Hope for the Hard Holidays
Words by Kara Ranck
“It’s the most wonderful time of the year! There'll be much mistletoe-ing, and hearts will be glowing when loved ones are near… ” proclaims the famous Christmas song by Andy Williams. But are those words true of your holiday?
Stop for a minute and picture your favorite Christmas memory from childhood. For many of us, our childhood memories of Christmas appear magical. This was back before we understood that carols might have been drowning out intense adult conversations, or that twinkling lights blinded us to the angry looks passed between relatives. Back before we knew the realities of life in a fallen world with fallen people—even during “the most wonderful time of the year.”
We desperately long to go back to those magical memories, because we now know holidays can be hard. Many of us try to replicate those past enchanted celebrations for our own families and children, but end up feeling like we fail simply because our image of the perfect holiday has already been shattered. We realize we’re just producing a façade. We’re jaded, cynical, guarded, sad, and downright wounded. We pray and long for reconciliation of relationships, but just can’t see past the situation. We lament for the relationships we’ve lost—to death or offense—and feel as empty as the place they once occupied.
Undoubtedly, holidays and sacraments are meant to be a time set aside to remember and celebrate what God has done.
We see the Israelites in Scripture set aside Passover to commemorate God freeing them from Egyptian slavery. In the New Testament, Christ calls us to take the cup and bread in remembrance of his sacrifice on the cross for us. In modern times, we Christians use a secular holiday like Thanksgiving to remember the Lord’s provision in our lives, Christmas to mark his birth, and Easter his death and resurrection. Through all of Scripture, we are called to tell the next generations who God is and give testimony through commemoration to how he works in our lives.
It is good to remember, to pause, and worship. We are commanded to in Scripture. But what are we worshipping during the holidays? Too often, we look to the celebration to give us what only Christ can—peace, joy, unconditional love, and gratitude. We get distracted by the Christmas lights and forget we’re to focus on the Light of the World.
When we put our hope in our traditions, celebrations, and those with whom we celebrate, we will be disappointed. These are meant to be signs pointing us back to Christ, not to take his place.
Christmas is a story about reconciliation. The Son of God humbled himself, stepped out of heaven, and clothed himself in flesh. As if that weren’t enough, the brand of flesh he chose to wear was peasant, and he was born in a home for animals rather than a house fit for a king. He did this so that he could live a perfect life, die a criminal’s death, take the punishment we deserve, and conquer the grave so that we—sinful humans—can be reconciled to a holy God now and for eternity. Isaiah tells us he bore “our griefs and carried our sorrows”—this includes our broken relationships and the loss of those we hold dear (Is. 53:4). Jesus felt the full weight of the fall—of our sin—on the cross.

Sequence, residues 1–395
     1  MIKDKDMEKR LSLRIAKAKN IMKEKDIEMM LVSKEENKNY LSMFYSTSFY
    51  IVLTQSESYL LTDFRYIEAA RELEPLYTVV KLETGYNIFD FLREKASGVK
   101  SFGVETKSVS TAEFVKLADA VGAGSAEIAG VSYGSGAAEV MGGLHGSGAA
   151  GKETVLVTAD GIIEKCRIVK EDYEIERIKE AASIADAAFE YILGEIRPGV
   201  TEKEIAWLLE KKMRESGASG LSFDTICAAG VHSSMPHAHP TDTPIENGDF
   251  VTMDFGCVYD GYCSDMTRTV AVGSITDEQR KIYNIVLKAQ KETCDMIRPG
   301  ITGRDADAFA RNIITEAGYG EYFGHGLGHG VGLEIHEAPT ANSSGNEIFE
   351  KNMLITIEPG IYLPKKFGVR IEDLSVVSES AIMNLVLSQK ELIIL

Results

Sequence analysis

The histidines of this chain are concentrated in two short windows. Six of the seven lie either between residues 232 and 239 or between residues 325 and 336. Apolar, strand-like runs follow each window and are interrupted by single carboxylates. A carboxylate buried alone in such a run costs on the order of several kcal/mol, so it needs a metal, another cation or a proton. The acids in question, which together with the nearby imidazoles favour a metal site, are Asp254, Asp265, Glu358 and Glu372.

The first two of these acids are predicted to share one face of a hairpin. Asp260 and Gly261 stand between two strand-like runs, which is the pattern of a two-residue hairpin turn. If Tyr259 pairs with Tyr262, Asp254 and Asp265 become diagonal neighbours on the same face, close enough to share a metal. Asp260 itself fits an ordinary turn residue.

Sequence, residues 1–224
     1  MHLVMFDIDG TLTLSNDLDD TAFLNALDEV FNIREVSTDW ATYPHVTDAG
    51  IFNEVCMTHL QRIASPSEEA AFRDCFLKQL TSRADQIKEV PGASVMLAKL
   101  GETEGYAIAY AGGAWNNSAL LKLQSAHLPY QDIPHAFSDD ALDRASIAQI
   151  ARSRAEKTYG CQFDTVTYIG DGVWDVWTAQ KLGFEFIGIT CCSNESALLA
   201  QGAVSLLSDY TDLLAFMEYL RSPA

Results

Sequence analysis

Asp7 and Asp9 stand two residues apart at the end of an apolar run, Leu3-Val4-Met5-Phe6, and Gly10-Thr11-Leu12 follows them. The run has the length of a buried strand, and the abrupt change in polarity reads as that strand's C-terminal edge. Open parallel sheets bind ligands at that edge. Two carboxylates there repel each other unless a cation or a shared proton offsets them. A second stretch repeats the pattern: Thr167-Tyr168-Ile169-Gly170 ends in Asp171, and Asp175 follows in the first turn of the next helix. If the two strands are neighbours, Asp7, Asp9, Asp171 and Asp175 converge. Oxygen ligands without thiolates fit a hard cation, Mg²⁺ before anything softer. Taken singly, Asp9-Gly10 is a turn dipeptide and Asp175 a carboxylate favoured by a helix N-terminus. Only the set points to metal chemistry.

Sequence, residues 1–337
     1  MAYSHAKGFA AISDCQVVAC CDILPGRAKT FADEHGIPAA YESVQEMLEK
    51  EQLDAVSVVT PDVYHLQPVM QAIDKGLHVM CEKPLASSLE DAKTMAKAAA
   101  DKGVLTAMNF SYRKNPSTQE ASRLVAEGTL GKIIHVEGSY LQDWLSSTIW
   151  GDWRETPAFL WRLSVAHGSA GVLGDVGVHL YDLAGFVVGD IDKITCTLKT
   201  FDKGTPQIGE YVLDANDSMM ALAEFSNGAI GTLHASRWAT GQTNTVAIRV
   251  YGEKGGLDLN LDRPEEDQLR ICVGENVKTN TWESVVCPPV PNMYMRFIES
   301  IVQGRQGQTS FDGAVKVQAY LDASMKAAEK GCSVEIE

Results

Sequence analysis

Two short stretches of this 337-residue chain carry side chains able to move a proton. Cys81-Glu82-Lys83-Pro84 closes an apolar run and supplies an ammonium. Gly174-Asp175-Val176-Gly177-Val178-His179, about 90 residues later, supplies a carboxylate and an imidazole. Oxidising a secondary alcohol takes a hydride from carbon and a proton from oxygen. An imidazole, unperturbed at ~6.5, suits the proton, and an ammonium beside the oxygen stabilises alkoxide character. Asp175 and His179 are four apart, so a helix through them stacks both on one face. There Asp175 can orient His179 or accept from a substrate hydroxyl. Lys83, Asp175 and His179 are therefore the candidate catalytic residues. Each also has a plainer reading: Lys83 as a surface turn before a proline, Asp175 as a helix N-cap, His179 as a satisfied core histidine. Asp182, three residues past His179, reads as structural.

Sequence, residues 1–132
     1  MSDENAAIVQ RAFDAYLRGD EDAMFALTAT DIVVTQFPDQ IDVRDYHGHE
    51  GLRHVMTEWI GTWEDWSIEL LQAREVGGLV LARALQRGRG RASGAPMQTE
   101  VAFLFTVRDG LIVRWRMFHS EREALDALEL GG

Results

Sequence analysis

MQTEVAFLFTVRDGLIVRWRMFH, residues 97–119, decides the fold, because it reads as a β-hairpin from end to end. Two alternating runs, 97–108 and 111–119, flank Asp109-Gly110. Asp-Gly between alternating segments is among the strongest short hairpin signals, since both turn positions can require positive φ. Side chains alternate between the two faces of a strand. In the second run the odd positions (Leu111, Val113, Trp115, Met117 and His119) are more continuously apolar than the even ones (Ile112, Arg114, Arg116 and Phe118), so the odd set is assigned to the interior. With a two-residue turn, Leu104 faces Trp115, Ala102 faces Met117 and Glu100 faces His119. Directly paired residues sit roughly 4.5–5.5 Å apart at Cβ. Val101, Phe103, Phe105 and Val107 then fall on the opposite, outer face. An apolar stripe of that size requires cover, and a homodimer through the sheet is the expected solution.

When we know the immeasurable, undeserved grace offered to us in Christ, we can turn and offer it to others. God does not count our sin against us, and calls us to be his imitators, not counting the offenses of others against them (2 Cor. 5:18–21).
No matter the cost. No matter if it humbles us to the level of peasantry. No matter if they deserve it or not. No matter if we are right or wrong. When we hold the gift of eternal life, we can lament with hope our loved ones who are dead in Christ.
We can share his grace with those who do not yet know him and pray that he calls them to place their hope in him.
Before we go to family gatherings or other celebrations, we can get on our knees asking God to fill us with his Spirit so that we can bear the fruit of love, joy, peace, patience, kindness, goodness, faithfulness, gentleness, and self-control (Gal. 5:22–23). We actively turn our eyes to Christ the Creator, Savior, Redeemer—our Reconciler. We fix our gaze on him, not on those around us, focusing on “him who endured from sinners such hostility against himself, so that you may not grow weary or fainthearted”(Heb. 12:3). We faithfully take one step at a time, in rhythm with the Spirit, towards those around us. Forgiveness and reconciliation are his work, and may look more like a slow walk towards another than one climactic moment (Gal. 5:16).
If we take our eyes off him and turn back to our sinful flesh in intense moments this season, we must turn right back around and run to him again. This means repenting of our sin against him and anyone else we’ve offended, accepting his forgiveness, and walking in the freedom of his finished work on the cross (1 Jn. 1:9).
So may your holidays be “merry and bright” as the light of Christ shines through you this holiday season. May your interactions with others reflect the ministry of reconciliation you have received and your heart be full of fruit that only the Spirit can produce. May you sing of the Lord’s goodness—even if it’s not “the most wonderful time of the year”—as you look forward to the greatest celebration we’ll ever experience in heaven, because “Joy to the World! The Lord has come!”